The West Mimics Mao, Takes a Green Leap Forward

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The West Mimics Mao, Takes a Green Leap Forward


The green movement’s rush to transform the energy economy while ignoring the laws of nature and economics calls to mind China’s ruinous Great Leap Forward. By 1957, Mao Zedong had grown impatient with his country’s slow industrial development relative to the West. He sought to transform China quickly from an agricultural society to an industrial powerhouse through forced industrialization and agricultural collectivization.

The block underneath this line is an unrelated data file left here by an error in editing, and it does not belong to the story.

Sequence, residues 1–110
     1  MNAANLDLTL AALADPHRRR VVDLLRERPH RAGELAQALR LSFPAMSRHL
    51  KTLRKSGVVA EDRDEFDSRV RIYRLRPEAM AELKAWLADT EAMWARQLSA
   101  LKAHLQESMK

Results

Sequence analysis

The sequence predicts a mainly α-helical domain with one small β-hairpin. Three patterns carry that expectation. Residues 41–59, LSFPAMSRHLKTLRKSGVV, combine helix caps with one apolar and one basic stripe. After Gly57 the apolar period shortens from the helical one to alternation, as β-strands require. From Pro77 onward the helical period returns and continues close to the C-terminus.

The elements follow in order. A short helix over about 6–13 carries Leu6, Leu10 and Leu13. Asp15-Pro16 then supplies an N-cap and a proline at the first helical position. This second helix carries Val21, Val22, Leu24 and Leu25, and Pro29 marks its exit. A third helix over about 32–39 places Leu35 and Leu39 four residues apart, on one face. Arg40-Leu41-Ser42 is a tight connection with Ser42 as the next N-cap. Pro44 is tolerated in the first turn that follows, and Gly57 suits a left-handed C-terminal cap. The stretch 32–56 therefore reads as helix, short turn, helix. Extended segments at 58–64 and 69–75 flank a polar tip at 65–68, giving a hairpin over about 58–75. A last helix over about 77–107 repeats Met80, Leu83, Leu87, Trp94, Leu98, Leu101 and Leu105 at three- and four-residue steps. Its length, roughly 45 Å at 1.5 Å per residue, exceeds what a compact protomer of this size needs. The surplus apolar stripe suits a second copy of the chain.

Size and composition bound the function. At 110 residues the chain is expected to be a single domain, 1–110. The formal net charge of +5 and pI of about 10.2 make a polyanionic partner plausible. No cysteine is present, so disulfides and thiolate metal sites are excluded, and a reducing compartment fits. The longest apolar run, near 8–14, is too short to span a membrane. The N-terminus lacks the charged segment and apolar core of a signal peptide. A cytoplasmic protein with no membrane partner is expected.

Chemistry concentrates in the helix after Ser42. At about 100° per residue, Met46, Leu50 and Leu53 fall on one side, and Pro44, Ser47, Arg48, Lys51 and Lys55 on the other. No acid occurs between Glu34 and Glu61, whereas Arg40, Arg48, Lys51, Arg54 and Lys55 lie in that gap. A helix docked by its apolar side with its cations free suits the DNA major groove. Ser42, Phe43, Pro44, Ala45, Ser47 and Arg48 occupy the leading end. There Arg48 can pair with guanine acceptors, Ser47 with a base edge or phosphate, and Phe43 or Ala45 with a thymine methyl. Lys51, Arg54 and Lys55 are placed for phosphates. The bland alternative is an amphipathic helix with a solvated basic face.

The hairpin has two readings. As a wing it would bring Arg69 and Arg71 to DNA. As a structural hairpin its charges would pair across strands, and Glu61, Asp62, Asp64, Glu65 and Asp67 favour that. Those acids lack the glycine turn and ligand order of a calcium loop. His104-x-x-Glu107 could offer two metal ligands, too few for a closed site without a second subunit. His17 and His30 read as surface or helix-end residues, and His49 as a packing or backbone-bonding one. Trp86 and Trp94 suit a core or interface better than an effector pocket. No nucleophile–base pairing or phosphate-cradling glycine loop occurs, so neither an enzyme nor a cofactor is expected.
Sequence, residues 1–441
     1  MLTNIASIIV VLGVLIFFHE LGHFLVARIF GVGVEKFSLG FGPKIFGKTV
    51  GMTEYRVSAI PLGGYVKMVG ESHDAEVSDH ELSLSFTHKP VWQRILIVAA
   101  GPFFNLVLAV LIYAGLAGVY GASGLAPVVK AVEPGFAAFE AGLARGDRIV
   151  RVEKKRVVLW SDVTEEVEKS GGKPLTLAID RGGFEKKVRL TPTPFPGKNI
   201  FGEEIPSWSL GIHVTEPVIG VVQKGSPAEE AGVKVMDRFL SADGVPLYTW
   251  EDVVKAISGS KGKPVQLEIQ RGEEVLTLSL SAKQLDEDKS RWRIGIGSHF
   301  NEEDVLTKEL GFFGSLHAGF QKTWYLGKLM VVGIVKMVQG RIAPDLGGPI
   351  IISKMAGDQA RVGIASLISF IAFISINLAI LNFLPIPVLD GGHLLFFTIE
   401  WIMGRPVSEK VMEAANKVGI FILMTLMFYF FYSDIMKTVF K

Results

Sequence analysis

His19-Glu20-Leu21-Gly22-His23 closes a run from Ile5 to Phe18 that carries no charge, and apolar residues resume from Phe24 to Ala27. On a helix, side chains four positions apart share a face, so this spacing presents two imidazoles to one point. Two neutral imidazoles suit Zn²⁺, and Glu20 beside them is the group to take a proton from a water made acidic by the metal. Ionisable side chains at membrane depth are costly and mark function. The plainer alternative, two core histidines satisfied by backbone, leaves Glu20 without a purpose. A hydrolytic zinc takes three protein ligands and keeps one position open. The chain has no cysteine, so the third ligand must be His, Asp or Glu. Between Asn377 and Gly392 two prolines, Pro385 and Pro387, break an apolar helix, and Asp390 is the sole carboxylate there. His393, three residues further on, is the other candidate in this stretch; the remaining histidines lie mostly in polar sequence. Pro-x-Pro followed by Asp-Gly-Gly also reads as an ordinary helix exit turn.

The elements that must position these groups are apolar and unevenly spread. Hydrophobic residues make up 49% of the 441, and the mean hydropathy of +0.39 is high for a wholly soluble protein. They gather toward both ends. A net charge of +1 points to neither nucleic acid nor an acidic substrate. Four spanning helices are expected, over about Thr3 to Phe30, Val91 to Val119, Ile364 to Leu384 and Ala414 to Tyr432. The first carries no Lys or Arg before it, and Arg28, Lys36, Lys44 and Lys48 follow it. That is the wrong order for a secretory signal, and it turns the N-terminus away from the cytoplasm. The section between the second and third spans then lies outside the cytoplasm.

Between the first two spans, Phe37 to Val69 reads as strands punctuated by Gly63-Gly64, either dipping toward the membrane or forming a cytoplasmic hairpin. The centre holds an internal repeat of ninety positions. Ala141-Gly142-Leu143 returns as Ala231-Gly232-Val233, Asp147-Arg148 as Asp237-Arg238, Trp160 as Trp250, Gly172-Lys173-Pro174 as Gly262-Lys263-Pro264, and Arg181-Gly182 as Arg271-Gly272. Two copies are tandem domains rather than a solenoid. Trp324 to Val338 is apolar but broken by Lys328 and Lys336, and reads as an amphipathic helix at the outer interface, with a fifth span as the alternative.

Steel production was a priority of the Great Leap Forward. Mao wanted China to surpass the U.K. in steel output within 15 years. Across the country, including in the village where my father lived, people tried to contribute to this goal by building small backyard furnaces. Each village had a production quota to meet, so everyone—including children and the elderly—pitched in. Using everything they could find to keep the furnaces burning, villagers melted down farming tools and cooking pots. These efforts yielded only pig iron, which had to be decarbonized to make steel. That was a process a backyard furnace couldn’t handle. The effort and resources were wasted.

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